“U.S. Policy in the Transcaucasus: Implications for Armenian Foreign Policy,“ Richard Giragosian, in Directions of the Armenian Foreign Policy. Yerevan, Antares 2002

“In the Shadow of Moscow. Caucasus: the Privatization Generation,“ Vichen Cheterian in Le Monde Diplomatique. January 2004

“K Voprosu ob Armjano–Iranskich Otnošenijach,“ Eduard Kazaryan in Directions of the Armenian Foreign Policy, SPECTRUM Center for Strategic Analysis, Yerevan, Antares 2002


1. M. Ju and Martynova. Kultura mira i mežetničeskije otnošenija“, Mir i soglasije, Informacionnyj bjulleteň N8, str. 39.

2. Nagorno-Karabakh talks, Reuters, 29 March“ OSCE Newsletter, April 2001, Vol. VIII No. 4.

3. Encyclopaedia, “Hajkakan harts“ (the Armenian Question), (Yerevan: 1996) p. 75.

4. Rarbach, Paul. Die Bagdadbahn (Berlin: 1902)

5. Rarbach, Paul. Vojna i Germanskaja Politika (Moskva: 1915) p. 63.

6. Ibid. p. 62.

7. M. Pavlovič, Borba za Aziju i Afriku (Leningrad: 1924) p. 78.

8. Armenian Nakhichevan was given to Azerbaijan according to the Russian-Turkish agreement from 1921.

9. Istorija – kratkij obzor: http://www.azeri-info.com/history.htm

10. Spravka o demografičeskom Razvitii Nagorno-Karabachskoj AO, Nachičevanskoj ASSR i Drugix Armjanskich rajonov, Nachodjashichsja v Predelach Azerbajdžanskoj SSR (za period 1921–1986 gg.).

11. Michael Emerson, Nathalie Tocci and Elena Prokhorova. “A Stability Pact for the Caucasus in Theory and Practice: a Supplementary Note“, Yerevan, Armenia: International Conference on Prospects for Regional and Transregional Cooperation and the Resolution of Conflicts, September 27-28, 2000, .

12.The Nagorno-Karabagh Crisis: a Blueprint for Resolution“, a memorandum prepared by the Public International Law & Policy Group and the New England Center for International Law & Policy, June 2000, p. 23.

13. “Nagornij Karabach na Poroge 21st Veka“, speech of the President of NKR, Arkadiy Gukasyan in the Council for International Questions. Los Angeles, March 1, 1999.

14. The Autonomous Region of Nagorno-Karabakh: AONK

15. Nagorno-Karabakh Autonoumous Region: NKAR

16. A.S. Manasyan, Karabachskij Konflikt v Ključevych Ponjatijach & Izbrannye temy v Rasširennom Formate (Yerevan 2002) p. 15

17. Minsk Group of the CSCE/OSCE created in Helsinki in March 1992 with these member states: Armenia, Azerbaijan, Belarus, Germany, Italy, Russia, USA, Turkey, France, at that time, Czechoslovakia as one state and Sweeden.

18. Grajr Baljan, Nagorno Karabach (Yerevan. Armenia: Tesaket, 1994) p. 14.

19. Ibid. p.15.

20. “Nagorno Karabachskaja Respublika Puť k Veršinam“, Stepanakert: Ministry of Foreign Affairs of NKR, 2001, p. 91.

21. A.S. Manasyan, "Karabachskij Konflikt v Ključevych Ponjatijach & Izbrannie temy v Rasširennom Formate", (Yerevan: 2002) p. 31.

22. “Nagorno Karabachskaja Respublika puť k Veršinam“, Ministry of Foreign Affairs of NKR, Stepanakert: 2001, p..15.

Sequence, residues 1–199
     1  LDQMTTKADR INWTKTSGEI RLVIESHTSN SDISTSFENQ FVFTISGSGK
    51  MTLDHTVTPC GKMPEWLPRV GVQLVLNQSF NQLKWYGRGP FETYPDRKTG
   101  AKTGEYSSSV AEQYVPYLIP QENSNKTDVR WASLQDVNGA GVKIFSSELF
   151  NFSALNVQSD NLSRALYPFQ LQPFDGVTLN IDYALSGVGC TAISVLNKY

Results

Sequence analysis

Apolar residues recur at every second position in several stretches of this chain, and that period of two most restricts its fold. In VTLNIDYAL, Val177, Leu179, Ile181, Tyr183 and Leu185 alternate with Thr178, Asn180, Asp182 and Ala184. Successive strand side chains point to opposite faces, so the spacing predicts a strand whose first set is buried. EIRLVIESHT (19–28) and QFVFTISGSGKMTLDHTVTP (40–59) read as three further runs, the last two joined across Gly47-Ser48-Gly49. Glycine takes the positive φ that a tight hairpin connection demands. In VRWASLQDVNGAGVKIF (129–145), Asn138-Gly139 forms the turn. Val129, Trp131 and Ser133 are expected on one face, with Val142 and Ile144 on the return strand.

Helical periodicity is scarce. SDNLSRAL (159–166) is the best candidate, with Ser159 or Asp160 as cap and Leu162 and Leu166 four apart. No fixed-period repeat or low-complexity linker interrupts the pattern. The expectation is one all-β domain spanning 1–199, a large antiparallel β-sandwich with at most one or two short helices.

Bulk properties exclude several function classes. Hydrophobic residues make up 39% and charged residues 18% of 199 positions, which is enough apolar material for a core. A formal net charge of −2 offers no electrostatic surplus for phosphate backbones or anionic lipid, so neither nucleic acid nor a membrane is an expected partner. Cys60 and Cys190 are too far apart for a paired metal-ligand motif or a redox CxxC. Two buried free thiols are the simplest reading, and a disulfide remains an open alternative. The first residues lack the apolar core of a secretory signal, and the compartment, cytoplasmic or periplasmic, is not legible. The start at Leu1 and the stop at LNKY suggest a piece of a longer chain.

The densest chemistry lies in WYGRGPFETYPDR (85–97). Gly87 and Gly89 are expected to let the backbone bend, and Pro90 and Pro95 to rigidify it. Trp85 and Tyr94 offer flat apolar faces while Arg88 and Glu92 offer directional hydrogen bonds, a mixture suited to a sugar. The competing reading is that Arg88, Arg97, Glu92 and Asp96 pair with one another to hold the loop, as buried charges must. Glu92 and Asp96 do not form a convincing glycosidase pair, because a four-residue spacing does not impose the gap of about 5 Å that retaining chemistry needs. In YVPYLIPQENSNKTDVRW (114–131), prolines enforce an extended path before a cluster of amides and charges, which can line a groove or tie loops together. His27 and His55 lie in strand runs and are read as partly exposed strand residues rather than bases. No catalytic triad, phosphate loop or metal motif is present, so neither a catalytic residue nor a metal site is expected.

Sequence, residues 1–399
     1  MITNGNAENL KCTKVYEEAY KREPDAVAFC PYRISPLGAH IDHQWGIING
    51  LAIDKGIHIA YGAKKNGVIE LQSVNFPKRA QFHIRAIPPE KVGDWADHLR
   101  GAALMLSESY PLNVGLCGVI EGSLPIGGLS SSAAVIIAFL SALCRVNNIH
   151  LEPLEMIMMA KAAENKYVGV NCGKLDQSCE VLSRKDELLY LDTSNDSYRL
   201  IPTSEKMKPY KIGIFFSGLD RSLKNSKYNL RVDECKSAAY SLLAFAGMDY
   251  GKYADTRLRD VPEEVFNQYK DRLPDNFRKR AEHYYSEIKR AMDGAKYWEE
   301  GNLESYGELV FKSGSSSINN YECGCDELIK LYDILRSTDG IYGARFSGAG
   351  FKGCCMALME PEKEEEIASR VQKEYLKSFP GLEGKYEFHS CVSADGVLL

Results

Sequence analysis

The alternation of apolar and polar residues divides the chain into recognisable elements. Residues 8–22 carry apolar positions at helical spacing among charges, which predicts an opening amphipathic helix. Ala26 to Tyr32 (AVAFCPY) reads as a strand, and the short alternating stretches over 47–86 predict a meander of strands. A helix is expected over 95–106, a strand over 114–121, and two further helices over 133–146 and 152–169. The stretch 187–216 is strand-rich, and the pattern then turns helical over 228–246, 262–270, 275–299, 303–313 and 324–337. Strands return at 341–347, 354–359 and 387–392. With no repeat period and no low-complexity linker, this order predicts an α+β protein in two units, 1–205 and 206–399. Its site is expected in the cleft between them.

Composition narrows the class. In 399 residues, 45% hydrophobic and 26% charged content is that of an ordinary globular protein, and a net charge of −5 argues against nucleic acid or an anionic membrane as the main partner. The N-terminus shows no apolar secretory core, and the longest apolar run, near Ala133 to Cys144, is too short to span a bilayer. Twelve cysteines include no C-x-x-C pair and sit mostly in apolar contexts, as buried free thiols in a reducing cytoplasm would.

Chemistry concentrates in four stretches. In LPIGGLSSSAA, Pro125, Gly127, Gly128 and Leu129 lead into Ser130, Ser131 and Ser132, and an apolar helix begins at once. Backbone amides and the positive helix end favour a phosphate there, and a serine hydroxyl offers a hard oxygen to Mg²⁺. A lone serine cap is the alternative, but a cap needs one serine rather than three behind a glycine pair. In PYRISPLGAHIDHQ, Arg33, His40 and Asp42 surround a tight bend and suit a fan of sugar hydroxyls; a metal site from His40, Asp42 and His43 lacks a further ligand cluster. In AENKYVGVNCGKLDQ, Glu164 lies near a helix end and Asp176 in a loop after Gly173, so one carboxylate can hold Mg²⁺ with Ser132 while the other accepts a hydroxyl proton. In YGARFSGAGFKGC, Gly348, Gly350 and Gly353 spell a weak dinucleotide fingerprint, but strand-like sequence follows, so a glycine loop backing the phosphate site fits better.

23. Artsakh is the Armenian name of Karabakh.

24. “Otčet meždunarodnych nabljudatelej za vyborami v Nagornom Karabache 11 avgusta 2002 g.“, from the official web page of the Ministry of Foreign Affairs of NKR.

25. “Doklad Gosdepa SŠA Nazyvaet Azerbajdžan Psevdodemokratičeskim gosudarstvom“, newspaper Nojev kovčeg, February 2003.

26. From the interview with the Minister of Foreign Affairs of NKR, Ašotem Gulyanem in August 18, 2003.

27.Mechanical Growth of the NKR Population has been Fixed," Ministry of Foreign Affairs of NKR, January 23, 2003.

28. "The Nagorno Karabagh Crisis: a blueprint for resolution," A memorandum prepared by the Public International Law & Policy Group and the New England Center for International Law & Policy, June 2000, p. 23.

29. Suren Zolyan, Nepriznannije Gosudarstva v Sisteme Regionalnoj Bezopasnosti.

30. Charls Blendi, “Kavkazskij Region: Novye vyzovy Bezopasnosti“ in Formirovanie Atmosfery mira, Stabilnosti i Doverija na Južnom Kavkaze. Roľ Meždunarodnych i Regionalnych Organizacij Bezopasnosti. IGORR, Ijuľ 2002, ISBN 1-904423-13-2, p. 51.

31. The Nagorno–Karabagh Crisis: a blueprint for Resolution. A memorandum prepared by the Public International Law & Policy Group and The New England Center for International Law & Policy, p. 11.

32. Russia, however, still keeps its military bases in Georgia: the Akhalkalaki and Batumi and Azerbaijan: the Kutkashen and Gabalin radiolocation stations

33. Richard Giragosian, U.S. Policy in the Transcaucasus: implications for Armenian Foreign Policy,“ in Directions of the Armenian Foreign Policy (Yerevan: Antares, 2002) p. 124.

34. 1074 miles

35. Vichen Cheterian, “In the Shadow of Moscow. Caucasus: the privatization generation,“ in Le Monde Diplomatique, January 2004.

36. Eduard Kazaryan,"K voprosu ob Armjano – Iranskich Otnošenijach,“ in Directions of the Armenian Foreign Policy, Yerevan Antares: SPECTRUM Center for Strategic Analysis, 2002, p. 62-63.

37. Ibid. p. 63

Keywords: Armenia, Azerbaijan, Baku, Britain, Caspian Sea, Caucasus, Chechnya, conflict, Central Asia, Collective Security Agreement, cooperation, economic security, ethnic conflict, EU, France, Georgia, Germany, human rights, international community, international studies, Iran, Kazakhstan, Ministry of Foreign Affairs of NKR, Muslims, Nagorno-Karabakh, NKR, oil, oil pipeline, Ottoman Empire, OSCE, Russia, stability pact, Soviet Union, Turkey, USA